photography politics identity security database hosting communication stuff privacy dropbox macos messaging brazil maps music social psychology blot history google photographers postprocessing neurology snails editor friends tags github self vim markdown neighborhood dynamic-range curves data medical hierarchy from-the-back online-storage zabouti bicycles Lr misc C1P opensource json photos windows 1password stories math home records costco camus economics gmail french racism wifi zones travel 60s poetry philosophy democrats isp art spreadsheets git nyc gradient color geeky capitalism annotation sensel books sharpening openmeta hdr
2016-01-29

CommonMark

Source

What is Markdown?

It’s a plain text format for writing structured documents, based on formatting conventions from email and usenet.

Learn Markdown in 60 Seconds

Who created Markdown?

It was developed in 2004 by John Gruber, who wrote the first markdown-to-html converter in Perl, and it soon became widely used in websites. By 2014 there were dozens of implementations in many languages.

Why is CommonMark needed?

John Gruber’s canonical description of Markdown’s syntax does not specify the syntax unambiguously.

In the absence of a spec, early implementers consulted the original Markdown.pl code to resolve these ambiguities. But Markdown.pl was quite buggy, and gave manifestly bad results in many cases, so it was not a satisfactory replacement for a spec. Markdown.pl was last updated December 17th, 2004.

Because there is no unambiguous spec, implementations have diverged considerably over the last 10 years. As a result, users are often surprised to find that a document that renders one way on one system (say, a GitHub wiki) renders differently on another (say, converting to docbook using Pandoc). To make matters worse, because nothing in Markdown counts as a syntax error,” the divergence often isn’t discovered right away.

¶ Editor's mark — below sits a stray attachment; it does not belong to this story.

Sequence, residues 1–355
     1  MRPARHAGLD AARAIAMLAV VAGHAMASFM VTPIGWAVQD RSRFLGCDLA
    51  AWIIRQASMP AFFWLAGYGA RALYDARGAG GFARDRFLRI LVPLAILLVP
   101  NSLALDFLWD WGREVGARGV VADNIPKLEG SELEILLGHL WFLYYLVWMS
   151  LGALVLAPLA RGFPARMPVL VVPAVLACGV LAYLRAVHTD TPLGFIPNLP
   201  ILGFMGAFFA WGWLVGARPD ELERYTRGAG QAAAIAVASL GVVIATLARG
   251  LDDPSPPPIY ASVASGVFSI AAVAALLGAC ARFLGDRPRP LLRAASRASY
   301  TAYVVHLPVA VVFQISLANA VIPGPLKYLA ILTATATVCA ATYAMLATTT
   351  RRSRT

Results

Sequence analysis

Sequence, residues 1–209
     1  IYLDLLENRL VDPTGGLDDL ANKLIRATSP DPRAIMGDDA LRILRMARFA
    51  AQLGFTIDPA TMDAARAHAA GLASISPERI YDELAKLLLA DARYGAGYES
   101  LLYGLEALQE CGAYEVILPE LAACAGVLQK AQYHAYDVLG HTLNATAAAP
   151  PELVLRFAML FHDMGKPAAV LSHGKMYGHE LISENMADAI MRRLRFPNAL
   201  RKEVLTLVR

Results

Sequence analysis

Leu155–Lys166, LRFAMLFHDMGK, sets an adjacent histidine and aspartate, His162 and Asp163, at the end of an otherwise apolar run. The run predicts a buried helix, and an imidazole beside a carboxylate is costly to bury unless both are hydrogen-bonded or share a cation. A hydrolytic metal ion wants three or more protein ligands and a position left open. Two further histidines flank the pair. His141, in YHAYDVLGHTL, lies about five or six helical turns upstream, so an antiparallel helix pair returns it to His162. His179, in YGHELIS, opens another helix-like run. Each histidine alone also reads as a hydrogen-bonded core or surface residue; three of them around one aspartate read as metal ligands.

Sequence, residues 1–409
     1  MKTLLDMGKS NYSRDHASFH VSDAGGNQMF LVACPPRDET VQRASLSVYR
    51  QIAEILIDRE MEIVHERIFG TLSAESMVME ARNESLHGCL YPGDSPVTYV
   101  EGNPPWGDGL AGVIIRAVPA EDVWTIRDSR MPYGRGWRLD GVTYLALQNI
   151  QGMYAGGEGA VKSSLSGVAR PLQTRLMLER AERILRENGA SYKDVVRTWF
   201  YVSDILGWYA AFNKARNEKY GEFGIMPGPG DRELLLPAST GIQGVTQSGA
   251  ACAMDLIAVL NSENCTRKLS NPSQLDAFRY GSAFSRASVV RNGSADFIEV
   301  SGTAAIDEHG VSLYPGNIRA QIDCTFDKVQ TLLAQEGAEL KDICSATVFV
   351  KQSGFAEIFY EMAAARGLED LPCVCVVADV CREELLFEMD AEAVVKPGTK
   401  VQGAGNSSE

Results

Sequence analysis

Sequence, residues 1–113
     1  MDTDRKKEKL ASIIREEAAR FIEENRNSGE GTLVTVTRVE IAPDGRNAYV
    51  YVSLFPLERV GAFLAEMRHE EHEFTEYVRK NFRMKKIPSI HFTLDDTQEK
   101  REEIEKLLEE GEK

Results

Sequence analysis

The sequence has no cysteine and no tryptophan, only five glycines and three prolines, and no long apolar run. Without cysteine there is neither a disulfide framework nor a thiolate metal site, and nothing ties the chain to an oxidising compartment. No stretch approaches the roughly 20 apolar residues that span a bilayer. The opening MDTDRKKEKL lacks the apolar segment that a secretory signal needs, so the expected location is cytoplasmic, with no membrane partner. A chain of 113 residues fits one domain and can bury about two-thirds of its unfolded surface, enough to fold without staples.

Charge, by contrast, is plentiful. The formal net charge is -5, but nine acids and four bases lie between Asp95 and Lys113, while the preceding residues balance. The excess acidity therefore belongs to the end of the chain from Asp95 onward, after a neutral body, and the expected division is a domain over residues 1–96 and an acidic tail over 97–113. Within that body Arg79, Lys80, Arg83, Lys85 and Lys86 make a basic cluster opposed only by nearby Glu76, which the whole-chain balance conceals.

There’s no standard test suite for Markdown; MDTest is the closest thing we have. The only way to resolve Markdown ambiguities and inconsistencies is Babelmark, which compares the output of 20+ implementations of Markdown against each other to see if a consensus emerges.

We propose a standard, unambiguous syntax specification for Markdown, along with a suite of comprehensive tests to validate Markdown implementations against this specification. We believe this is necessary, even essential, for the future of Markdown.

That’s what we call CommonMark. Markdown Logo

Who are you?

We’re a group of Markdown fans who either work at companies with industrial scale deployments of Markdown, have written Markdown parsers, have extensive experience supporting Markdown with end users — or all of the above.

How can I help?

Exercise our reference implementations, or find a community implementation in your preferred environment or language. Provide feedback!

If a CommonMark implementation does not already exist in your preferred environment or language, try implementing your own CommonMark parser. One of our major goals is to strongly specify Markdown, and to eliminate the many old inconsistencies and ambiguities that made using Markdown so difficult. Did we succeed?

Where can I find it?

spec.commonmark.org

The CommonMark specification.

code.commonmark.org

Reference implementation and validation test suite on GitHub.

talk.commonmark.org

Public discussion area and mailing list via Discourse.

commonmark.org/help

Quick reference card and interactive tutorial for learning Markdown.

try.commonmark.org

Live testing tool powered by the reference implementation.

When is the spec final?

The current version of the CommonMark spec is complete, and quite robust after a year of public feedback … but not quite final.

With your help, we plan to announce a finalized 1.0 spec and test suite in early 2016.


markdown


Previous post
SpiderOak Encryptr Source __ Download Solutions __ SpiderOakONE SpiderOak Groups Enterprise SpiderOak Kloak Encryptr Password Price List Features __ Zero
Next post
Get HTTPS for free! Source You can now get free https certificates from the non-profit certificate authority Let’s Encrypt! This is a website that will take you through